97. Harvey Mandel – Cristo Redentor (1969)
On the surface (OK, the cover is pretty intriguing) this doesn’t seem too promising: Cristo Redentor is ostensibly an instrumental blues-rock album by a virtuoso guitarist who went on to join Canned Heat and even record with the Stones after they’d got a bit shit. However, part of what makes Mandel an admired maestro is his ability to draw from and deftly utilise different styles. Most of his late sixties/early seventies albums have worthwhile moments that surpass the usual white boy blues wankery so prevalent at the time, and this first – and best – one covers a lot of good ground, from pretty full-on psychedelia to jazz and a touch of country.
The story of my relationship to this record starts with my good friend Martin, who’s something of a blues expert (he won a harmonica playing competition at a blues festival, which may or may not have been judged by Charlie Musselwhite who appears on this LP, when he was about 12). In the nineties I used to go to the dilapidated house he shared with a couple of friends, where we’d smoke, listen to early Wu-Tang and delve through Martin’s impressive vinyl collection. This was where I first heard Beefheart and other artists I’d go on to love and obsess about, but late one night I pulled out Cristo Redentor, by an artist I’d never previously heard about, and asked to put it on. The title track, a cover of a gospel-y jazz tune by Duke Pearson, opens side 1 with a wordless soprano, harp and big strings, Mandel just adding subtle reverbed licks over the top. Gorgeous, atmospheric and a pretty ego-free opener for a solo guitar album, it took me in immediately and has gone on to feature on many a mixtape.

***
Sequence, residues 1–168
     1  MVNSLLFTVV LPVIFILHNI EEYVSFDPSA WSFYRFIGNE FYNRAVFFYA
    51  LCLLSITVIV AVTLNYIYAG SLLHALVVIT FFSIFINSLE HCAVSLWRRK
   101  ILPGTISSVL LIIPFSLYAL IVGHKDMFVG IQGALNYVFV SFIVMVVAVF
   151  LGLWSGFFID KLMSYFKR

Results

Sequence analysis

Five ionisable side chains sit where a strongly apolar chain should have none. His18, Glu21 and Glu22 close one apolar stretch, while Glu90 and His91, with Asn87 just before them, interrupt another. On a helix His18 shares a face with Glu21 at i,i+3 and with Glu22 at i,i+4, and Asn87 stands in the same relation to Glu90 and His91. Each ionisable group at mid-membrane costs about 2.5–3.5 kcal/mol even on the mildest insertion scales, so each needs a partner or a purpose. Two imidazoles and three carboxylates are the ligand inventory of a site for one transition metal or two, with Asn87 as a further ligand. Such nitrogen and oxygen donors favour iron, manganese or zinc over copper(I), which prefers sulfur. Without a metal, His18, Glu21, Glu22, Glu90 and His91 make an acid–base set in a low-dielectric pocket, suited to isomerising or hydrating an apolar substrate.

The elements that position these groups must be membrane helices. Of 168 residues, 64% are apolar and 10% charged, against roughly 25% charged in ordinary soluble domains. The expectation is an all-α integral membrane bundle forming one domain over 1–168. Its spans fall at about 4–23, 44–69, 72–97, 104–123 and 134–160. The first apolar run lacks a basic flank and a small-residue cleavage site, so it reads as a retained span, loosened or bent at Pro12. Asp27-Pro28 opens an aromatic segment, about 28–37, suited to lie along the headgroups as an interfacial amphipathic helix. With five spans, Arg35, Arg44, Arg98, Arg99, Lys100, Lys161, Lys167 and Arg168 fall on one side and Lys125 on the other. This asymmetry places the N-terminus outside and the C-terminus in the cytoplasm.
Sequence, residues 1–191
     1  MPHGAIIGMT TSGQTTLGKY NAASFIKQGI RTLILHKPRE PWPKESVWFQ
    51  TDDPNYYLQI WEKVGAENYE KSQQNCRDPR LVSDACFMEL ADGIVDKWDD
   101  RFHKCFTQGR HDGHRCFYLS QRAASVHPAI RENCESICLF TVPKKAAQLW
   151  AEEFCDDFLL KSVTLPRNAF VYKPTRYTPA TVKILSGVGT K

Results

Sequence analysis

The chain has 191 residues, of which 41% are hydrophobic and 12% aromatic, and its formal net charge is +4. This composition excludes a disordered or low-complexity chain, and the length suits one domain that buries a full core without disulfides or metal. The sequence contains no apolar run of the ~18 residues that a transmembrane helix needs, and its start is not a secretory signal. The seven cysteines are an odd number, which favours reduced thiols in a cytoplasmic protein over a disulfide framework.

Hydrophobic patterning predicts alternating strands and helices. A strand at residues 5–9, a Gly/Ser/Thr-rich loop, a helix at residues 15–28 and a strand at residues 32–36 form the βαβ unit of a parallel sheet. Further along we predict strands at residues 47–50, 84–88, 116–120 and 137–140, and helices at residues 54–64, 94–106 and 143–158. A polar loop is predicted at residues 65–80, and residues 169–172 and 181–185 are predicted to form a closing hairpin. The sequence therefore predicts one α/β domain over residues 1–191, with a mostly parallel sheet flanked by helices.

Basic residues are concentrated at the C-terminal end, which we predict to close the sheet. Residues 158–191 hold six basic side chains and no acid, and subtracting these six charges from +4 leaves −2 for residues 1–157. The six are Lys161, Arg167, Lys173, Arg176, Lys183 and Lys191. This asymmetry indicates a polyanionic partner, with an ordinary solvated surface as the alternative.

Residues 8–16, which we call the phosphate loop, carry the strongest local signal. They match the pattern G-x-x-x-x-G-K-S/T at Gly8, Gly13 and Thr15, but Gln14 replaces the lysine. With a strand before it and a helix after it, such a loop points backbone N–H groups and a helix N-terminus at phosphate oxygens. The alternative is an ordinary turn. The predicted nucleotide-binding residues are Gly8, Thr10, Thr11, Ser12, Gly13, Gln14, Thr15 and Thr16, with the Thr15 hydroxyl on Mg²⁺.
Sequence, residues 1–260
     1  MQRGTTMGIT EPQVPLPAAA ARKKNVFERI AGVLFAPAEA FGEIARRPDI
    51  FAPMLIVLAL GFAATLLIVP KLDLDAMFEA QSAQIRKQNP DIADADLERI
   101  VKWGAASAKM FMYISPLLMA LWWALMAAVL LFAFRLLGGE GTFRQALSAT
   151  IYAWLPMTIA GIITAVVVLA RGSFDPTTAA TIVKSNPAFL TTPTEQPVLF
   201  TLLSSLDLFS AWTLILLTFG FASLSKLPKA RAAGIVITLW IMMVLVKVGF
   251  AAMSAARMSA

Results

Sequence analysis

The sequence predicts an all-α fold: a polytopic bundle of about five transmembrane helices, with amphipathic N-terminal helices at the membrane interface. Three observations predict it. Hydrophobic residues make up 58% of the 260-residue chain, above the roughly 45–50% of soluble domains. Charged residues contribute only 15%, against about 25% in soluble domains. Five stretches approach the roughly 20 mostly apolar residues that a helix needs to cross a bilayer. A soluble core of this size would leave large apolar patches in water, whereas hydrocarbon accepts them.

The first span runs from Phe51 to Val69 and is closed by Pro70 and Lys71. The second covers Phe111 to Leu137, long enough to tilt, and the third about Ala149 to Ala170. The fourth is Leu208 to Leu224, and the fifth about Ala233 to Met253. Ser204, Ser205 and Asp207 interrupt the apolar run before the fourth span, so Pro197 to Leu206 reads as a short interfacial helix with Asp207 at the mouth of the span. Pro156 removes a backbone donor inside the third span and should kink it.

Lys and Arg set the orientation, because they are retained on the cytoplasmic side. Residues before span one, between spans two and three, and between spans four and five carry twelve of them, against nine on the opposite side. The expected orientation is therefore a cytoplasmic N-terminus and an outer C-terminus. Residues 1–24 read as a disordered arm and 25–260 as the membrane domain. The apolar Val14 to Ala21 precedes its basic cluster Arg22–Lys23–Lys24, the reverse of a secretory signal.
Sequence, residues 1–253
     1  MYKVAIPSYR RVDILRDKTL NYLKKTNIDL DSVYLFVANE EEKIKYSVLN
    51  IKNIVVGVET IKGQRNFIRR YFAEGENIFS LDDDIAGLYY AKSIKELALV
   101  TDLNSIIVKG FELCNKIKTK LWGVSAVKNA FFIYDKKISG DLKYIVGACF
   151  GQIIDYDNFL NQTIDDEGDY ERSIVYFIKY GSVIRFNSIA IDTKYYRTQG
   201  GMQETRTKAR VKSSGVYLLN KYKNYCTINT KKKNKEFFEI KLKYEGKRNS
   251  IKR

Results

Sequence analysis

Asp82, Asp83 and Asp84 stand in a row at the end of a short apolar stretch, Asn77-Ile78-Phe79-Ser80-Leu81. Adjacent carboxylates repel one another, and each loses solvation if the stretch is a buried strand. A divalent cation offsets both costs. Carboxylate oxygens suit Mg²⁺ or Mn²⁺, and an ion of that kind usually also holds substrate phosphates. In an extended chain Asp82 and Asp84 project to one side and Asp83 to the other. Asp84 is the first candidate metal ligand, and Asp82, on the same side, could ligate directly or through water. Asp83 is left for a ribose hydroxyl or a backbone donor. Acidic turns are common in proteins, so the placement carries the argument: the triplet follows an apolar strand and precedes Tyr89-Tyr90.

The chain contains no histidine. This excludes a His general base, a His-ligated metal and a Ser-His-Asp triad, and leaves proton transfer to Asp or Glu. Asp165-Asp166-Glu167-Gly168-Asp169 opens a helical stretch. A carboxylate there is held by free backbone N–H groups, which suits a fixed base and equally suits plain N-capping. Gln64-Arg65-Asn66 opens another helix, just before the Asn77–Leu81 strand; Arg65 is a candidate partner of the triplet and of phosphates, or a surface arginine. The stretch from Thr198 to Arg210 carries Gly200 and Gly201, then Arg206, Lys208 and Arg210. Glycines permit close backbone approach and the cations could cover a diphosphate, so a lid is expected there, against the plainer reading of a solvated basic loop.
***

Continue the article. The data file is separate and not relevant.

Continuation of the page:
Not so long after my first exposure, the album became mine when Martin sold off his entire collection. I got a few other great records* off him, but this one has remained the firm favourite. I immediately started playing side 2’s incredible version of the gospel standard ‘Wade In The Water’, as well as the following ‘Lights Out’, in DJ sets alongside funk and hip-hop. The former has since been sampled and compiled several times: an open drum break, strings, and guitar that pans across the stereo field, veering between a jazzy bright-toned bounce and psychedelic backwards fuzz – it’s got everything for diggers and dancers. The latter track which piles on more slow funk, more strings and more winding backwards guitar really deserves more of a look-in though. A great one for anyone into David Axelrod. And if you want weird, wait for the multitracked guitar drone to appear amidst the uptempo rhumba-style groove of ‘Before Six’.
I now own three different issues of this album (none of which are in terribly good condition, to be honest), including the dodgy computer graphic-adorned 1989 version on the Editions EG label, who put out/reissued a lot of Eno’s stuff. So, avant-rock/prog progenitor, blues rock journeyman or halfway mod, as the back cover of the original might have it? I’ve seen this and other Mandel albums filed under rock, jazz, fusion, and that favourite crate-digger-cum-curator-invented genre ‘funky rock’. And the fact it’s so hard to place is admittedly part of its charm.
*I didn’t take those daft Groundhogs albums that seem to be so fashionable these days.